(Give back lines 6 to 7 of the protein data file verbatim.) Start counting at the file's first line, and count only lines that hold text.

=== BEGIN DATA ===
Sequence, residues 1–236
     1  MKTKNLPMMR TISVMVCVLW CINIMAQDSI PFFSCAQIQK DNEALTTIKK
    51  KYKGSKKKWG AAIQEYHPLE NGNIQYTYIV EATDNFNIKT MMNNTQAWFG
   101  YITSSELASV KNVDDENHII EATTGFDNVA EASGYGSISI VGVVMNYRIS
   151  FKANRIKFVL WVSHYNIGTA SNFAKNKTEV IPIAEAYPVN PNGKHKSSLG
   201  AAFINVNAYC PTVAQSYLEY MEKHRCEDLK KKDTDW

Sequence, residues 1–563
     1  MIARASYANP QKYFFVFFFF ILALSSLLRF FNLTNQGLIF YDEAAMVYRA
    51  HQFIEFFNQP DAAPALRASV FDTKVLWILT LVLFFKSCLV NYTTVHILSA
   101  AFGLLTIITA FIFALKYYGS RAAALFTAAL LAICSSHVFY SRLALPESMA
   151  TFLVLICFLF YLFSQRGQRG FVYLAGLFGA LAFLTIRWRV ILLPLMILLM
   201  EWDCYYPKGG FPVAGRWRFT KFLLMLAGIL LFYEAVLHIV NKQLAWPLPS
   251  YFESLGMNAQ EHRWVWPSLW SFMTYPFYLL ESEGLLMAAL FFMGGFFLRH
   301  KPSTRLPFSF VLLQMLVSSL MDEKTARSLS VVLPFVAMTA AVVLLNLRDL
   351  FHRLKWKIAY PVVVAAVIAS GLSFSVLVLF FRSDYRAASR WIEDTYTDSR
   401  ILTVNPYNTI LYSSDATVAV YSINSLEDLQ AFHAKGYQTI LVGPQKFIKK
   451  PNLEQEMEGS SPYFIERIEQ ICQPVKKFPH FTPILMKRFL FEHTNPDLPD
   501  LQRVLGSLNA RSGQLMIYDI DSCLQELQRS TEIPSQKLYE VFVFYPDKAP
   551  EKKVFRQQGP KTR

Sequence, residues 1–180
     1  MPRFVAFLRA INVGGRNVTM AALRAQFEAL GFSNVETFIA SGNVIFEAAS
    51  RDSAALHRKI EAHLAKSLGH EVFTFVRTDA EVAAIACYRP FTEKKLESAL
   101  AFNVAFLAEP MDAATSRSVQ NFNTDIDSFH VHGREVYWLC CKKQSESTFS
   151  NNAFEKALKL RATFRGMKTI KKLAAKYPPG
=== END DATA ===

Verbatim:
   201  AAFINVNAYC PTVAQSYLEY MEKHRCEDLK KKDTDW

Sequence, residues 1–563